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Main Authors: ADNBA

Coauthors:Andrei Serbescu, Bogdan Bradateanu, Horia Munteanu, Adrian Untaru, Elena Zara, Oana Gramada, Esenghiul Abdul, Andreea Cutieru, Cezara Lorent

Architecture collaborators: Adrian Bratu, Alexandra Iliescu, Loredana Bumbacea, Bianca Aparaschivei, Alina Olteanu, Mihai Toader

“I confess I do not believe in time. I like to fold my magic carpet, after use, in such a way as to superimpose one part of the pattern upon another. Let visitors trip.

And the highest enjoyment of timelessness―in a landscape selected at random―is when I stand among rare butterflies and their food plants. This is ecstasy, and behind the ecstasy is something else, which is hard to explain.

It is like a momentary vacuum into which rushes all that I love. A sense of oneness with sun and stone. A thrill of gratitude to whom it may concern―to the contrapuntal genius of human fate or to tender ghosts humoring a lucky mortal.” 

Vladimir Nabokov

Becoming aware that memory and history are not the same, we are more interested in creating a feeling for history and what has once been (and is now absent), than in the abstract historical facts. As everything only happens in the present, one can say, like Nabokov once did, that there’s no point in believing in time. Our search is more for the recovery of the place’s feeling and emotional memory, be it documented or just imagined, than its historical verity.

One of the most fascinating architectural and urban space types, the European medieval square has been a place for the community to use in all possible ways. An aperture of the dense urban fabric towards the inside, free of any of the future Reinassance or Baroque’s spatial principles.

The square should regain its atmosphere as the large, open cut within the medieval city’s mass, where all types of social gathering and interactions can happen, but without undermining one of the square’s primordial functions, namely rest and contemplation. The square’s irregularity and somehow provincial charm, within a well-preserved medieval fabric, are some of its strongest qualities, which make us believe this is not a place for grand gestures, but for small-scale details, local materials, and the expressivity which local craftsmanship still allows for.

Brasov grew around two voids adjacent to one another, but of distinct natures and atmospheres.The city’s churchremained beautifully situated within its own courtyard, whichcontinues to exist as an intimate, confined space enveloping the massive volume of the Black Church. In a somehow reversed scale ratio, the nearby Piata Sfatului formed as an ample space around its own core – a defense tower, at the beginning, on which Casa Sfatului would grow in time.

Slightly touching each other, the city’s two important openings thus came together: the vertical aperture (the church’s building and courtyard) and the horizontal one (the people’s house and square). Unsurprisingly maybe, the two edifices kept a similar orientation, while the square seems to have been influenced in its configuration by the topography and the main roads directions.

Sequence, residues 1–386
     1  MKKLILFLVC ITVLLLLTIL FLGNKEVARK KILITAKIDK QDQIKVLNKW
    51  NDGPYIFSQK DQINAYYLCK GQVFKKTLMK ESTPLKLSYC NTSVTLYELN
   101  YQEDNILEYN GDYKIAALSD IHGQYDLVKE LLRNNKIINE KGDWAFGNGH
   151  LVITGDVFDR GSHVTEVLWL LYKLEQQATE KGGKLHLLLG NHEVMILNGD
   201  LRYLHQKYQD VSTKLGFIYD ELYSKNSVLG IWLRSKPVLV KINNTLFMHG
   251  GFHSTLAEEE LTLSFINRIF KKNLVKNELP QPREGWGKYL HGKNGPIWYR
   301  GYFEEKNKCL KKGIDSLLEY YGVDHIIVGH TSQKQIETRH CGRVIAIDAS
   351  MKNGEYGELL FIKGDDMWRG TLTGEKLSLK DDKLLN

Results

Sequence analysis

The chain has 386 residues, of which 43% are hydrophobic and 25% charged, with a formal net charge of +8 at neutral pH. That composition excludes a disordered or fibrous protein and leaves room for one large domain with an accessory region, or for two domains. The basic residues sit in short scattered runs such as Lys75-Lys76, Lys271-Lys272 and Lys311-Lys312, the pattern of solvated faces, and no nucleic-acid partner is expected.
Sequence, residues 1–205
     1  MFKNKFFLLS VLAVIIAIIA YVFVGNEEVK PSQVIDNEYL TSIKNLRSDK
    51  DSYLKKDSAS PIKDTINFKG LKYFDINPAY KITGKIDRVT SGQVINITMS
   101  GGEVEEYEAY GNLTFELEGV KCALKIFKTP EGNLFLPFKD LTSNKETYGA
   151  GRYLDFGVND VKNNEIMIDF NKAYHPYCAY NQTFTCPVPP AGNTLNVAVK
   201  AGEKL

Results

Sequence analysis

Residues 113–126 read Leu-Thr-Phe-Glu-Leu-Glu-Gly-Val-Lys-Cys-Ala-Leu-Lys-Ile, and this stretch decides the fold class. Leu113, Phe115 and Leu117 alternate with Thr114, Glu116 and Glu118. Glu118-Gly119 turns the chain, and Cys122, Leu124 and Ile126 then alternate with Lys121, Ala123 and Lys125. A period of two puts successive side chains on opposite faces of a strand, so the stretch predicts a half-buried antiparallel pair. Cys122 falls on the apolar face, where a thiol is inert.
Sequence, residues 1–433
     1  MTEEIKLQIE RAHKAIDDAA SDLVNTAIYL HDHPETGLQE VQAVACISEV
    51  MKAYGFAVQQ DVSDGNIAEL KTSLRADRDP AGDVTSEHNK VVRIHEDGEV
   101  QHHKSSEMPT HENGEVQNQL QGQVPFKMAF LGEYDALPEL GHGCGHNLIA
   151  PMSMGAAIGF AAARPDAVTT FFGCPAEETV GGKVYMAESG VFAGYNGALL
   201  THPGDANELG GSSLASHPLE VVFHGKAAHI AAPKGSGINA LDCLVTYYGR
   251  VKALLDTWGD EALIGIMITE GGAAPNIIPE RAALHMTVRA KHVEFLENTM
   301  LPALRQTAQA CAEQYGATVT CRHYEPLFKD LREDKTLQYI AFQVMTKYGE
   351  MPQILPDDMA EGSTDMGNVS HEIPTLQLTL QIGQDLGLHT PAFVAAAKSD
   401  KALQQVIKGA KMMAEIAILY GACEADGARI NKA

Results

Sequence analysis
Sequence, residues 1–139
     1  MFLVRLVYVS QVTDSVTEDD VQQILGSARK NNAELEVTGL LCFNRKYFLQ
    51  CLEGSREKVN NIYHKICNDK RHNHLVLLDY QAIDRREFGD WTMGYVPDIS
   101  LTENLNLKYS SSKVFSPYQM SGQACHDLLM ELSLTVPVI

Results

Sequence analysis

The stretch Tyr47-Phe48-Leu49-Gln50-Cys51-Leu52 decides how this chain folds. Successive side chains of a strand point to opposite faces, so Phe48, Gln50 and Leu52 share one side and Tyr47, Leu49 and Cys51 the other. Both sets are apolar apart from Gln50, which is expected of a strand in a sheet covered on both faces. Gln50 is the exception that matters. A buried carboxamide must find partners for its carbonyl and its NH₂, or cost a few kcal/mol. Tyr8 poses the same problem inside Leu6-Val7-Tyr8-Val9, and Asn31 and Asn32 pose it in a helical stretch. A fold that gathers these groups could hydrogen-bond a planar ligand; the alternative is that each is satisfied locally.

The historical layout

Although it was formed around the nucleus of Casa Sfatului, today the square is bustling with life, while the building stands empty, housing a dusty, unappealing museum, isolated from the city after the 1940s restoration intervention. Unlike in the past, what used to be the place’s core for a long time is now only an obstacle, an inert presence, a blind wall. We find it necessary to re-open Casa Sfatului along its perimeter to animate not only the museum, but especially the square around its original nucleus.

Typical of many Central and Eastern European cities, Piata Sfatului had been since the beginning an almost empty square, lacking representative objects that would centre it. The historical layouts hypothesis show a large space marked only with small scale objects, all of them having an utilitarian purpose, not a representation one.

The three platform-terracing and the central placement of the fountain in 1987 dramatically changed the character of the space. We propose decentralizing the square and regaining the simplicity of the medieval space by retracing the natural topography without excessive systematization, connecting the access points’ elevations of the buildings surrounding the square and recovering the natural directions of the water management. The large fountain is replaced with a significantly smaller one, positioned eccentrically, thus leaving the centre empty.

As in any medieval urban square, pavement is probably the most important element. We have imagined the pavement as a heterogeneous surface:  a skin with scars and wrinkles; a crust which hides, covers and protects what still lies beneath: a large area archaeologicallyyet unexplored; a map with signs to be discovered (or not) as one walks by – traces and marks, some at sight, others barely visible; a canvas for what has already been written and for what still waits to be said.

We propose the use of cobblestone and river pebbles, in different hard stonesand different sizes, some of which are split and thus create flat areas. Punctuated by several types of pieces and traces, in either stone or crafted concrete (polished, hammered, deactivated), the new pavement stretches on almost the entire square, becoming a familiar ground which links,patches and stitches the margins where most of the existing pavements have been preserved.